In the end, for me the choice of agent came down to one thing. I chose the one who was brutally honest with me. She didn’t gush about Only the Innocent – she told me what she thought could be done to make it better. She wanted to know what I wanted out of it all, and it reminded me so much of a situation many years ago when I was running my interactive media company. I wanted to expand the business and started to talk to some venture capitalists about an investment. One of them said to me “You need to know what you want to get out of growing your business, because it’s going to be hard work. Is your ultimate aim fame, power or money?” It was an excellent question and one that I thought I needed to answer in relation to my writing, so that any agent I decided to work with could understand my motivation.

People say that they write because they have to. That’s fine, and I get that. But you don’t have to publish. You could just write for the pleasure of writing – so that wasn’t an answer. It’s more about what you want to achieve by publishing your book. I sat at my computer screen, and I wrote down how I feel about writing, publishing, making money. I wrote about what I want to achieve and in what timescale. And I sent this to the various agents. The one that I chose to go with is the only one who went through the list with me as if it mattered – which it does.

Even more important, this agent is somebody who not only reads my work, but she sends me page after page of notes for improvement – and I absolutely love that about her. With her input, Only the Innocent became a much better book than the one that was originally successful. She has taught me so much about how to ‘see’ a scene, and for that alone she is worth her weight in gold. Not all agents do this – so without really knowing what I was doing, it turns out I was once again very lucky.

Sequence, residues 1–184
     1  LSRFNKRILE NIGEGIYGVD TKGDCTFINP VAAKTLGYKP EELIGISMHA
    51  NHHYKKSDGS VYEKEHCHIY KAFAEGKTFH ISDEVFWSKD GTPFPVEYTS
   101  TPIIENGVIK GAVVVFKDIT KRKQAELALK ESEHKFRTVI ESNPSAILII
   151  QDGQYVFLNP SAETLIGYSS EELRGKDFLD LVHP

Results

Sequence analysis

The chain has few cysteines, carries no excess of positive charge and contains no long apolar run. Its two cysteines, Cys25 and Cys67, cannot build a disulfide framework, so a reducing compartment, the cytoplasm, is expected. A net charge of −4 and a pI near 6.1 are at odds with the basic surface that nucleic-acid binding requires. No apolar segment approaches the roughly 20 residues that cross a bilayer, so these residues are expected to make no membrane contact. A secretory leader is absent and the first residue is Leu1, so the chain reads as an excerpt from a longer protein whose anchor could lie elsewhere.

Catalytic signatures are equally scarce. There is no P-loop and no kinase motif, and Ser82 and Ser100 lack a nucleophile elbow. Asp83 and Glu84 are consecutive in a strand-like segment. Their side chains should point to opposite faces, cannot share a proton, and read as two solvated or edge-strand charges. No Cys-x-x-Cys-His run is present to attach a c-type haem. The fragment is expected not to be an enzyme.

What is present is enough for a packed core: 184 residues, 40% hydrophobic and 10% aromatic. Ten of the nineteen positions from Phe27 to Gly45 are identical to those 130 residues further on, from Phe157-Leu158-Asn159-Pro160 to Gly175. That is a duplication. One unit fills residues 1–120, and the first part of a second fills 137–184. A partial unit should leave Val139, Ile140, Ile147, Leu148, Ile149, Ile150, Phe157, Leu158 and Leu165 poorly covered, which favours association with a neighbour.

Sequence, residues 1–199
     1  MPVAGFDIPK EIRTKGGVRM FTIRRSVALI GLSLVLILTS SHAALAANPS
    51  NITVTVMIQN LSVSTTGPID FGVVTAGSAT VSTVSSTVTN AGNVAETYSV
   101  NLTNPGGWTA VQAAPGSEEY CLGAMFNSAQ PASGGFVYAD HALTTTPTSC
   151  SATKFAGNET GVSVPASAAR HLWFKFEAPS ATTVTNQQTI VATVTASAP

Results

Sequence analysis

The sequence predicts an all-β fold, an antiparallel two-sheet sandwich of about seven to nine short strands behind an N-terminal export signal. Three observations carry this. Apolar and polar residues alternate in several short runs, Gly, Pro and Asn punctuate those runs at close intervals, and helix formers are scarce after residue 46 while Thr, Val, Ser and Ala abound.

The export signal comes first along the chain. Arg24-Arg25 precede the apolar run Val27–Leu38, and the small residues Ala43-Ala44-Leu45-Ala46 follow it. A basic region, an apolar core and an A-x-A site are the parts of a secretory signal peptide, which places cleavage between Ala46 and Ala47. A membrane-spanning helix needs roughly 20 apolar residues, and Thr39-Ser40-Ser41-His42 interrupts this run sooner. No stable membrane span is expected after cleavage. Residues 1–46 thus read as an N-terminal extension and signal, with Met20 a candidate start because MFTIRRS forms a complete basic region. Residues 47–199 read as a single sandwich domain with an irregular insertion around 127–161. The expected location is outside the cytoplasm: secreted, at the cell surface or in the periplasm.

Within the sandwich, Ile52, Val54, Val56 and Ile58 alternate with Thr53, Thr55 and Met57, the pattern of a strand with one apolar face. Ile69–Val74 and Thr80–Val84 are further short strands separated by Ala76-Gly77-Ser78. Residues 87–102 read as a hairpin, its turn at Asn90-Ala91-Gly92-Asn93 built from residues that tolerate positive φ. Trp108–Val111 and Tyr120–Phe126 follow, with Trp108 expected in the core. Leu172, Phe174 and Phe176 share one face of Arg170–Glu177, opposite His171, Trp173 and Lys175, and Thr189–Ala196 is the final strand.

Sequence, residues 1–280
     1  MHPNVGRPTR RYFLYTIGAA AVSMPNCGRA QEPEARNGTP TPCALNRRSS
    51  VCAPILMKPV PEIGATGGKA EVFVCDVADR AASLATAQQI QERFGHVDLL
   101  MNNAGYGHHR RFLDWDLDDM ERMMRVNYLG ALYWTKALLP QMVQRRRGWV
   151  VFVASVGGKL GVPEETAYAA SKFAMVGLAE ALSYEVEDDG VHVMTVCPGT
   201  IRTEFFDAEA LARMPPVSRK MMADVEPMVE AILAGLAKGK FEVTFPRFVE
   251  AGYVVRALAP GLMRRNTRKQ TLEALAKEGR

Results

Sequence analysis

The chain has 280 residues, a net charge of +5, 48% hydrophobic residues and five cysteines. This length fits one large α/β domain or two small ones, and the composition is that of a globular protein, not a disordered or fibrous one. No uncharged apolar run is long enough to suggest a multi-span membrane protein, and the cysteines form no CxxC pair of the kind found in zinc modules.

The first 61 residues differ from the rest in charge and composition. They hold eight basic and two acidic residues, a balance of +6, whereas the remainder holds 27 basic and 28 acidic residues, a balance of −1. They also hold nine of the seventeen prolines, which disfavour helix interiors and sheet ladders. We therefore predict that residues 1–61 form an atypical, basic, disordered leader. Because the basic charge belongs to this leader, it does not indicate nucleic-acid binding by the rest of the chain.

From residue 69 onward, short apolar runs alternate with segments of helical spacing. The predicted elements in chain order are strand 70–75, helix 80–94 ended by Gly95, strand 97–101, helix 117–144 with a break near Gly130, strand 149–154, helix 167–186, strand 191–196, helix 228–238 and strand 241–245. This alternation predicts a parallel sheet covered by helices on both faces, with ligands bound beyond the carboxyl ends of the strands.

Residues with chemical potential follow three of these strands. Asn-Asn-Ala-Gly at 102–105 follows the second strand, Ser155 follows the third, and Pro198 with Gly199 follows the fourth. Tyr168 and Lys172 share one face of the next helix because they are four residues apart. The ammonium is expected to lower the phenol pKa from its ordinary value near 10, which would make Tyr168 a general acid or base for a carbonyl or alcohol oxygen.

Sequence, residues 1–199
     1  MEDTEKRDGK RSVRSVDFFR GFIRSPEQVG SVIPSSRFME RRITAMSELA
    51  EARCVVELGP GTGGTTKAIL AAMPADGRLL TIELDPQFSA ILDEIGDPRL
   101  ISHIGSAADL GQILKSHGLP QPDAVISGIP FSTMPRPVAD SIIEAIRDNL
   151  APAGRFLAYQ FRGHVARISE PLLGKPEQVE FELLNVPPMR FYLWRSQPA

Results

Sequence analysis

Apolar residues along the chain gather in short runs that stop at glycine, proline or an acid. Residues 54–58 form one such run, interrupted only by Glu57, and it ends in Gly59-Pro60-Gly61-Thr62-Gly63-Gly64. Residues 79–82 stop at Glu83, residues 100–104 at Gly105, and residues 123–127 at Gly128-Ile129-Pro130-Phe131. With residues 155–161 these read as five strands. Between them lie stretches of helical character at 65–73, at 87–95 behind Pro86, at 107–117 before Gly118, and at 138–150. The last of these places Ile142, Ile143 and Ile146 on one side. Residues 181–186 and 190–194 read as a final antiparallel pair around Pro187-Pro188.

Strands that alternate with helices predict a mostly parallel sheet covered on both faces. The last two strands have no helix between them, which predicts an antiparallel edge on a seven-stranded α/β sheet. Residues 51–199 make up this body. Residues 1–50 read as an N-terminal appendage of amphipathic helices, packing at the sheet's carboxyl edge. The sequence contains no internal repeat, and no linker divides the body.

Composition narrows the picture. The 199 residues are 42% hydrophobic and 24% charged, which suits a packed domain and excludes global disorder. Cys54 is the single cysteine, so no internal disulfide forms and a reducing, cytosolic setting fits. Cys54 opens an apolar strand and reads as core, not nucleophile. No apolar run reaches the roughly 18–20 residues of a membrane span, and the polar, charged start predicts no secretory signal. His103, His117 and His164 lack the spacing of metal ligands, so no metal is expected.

The one thing that did concern me, though, was whether having an agent meant that I would have no choice but to go the traditional route for my next book. I don’t have a problem with this at all, if the deal is right. But I didn’t want to have to wait years to get that elusive deal, either. Of course, agents are paid on commission, so for me it was important that we have a business relationship that works for both of us, so that any publishing decision could be made based on what is actually best for the book and for my writing career.

In finding an agent, not only have I found somebody who is immensely supportive, who I can bounce ideas off, and who is happy to tell me that I am talking nonsense, but I have somebody who will help me to develop my writing and steer me towards the most appropriate future.

That in itself is plenty. But in addition, the agency guided me through the whole process of signing a contract with a US publisher, and has sold the rights to Only the Innocent into several countries – from Brazil to Russia.

Making the decision to go with an agent – and the right agent – has been the single most critical decision I have made this year. And once again, I don’t underestimate my good luck.

And as a reminder – the purpose of these daily posts is to celebrate Only the Innocent’s first anniversary and to pass on some of the lessons that I learned during my first year as an indie author. Only the Innocent is available from Amazon UK for just one week for £0.99 and I would love you to spread the word. For other formats, please visit the Rachel Abbott Website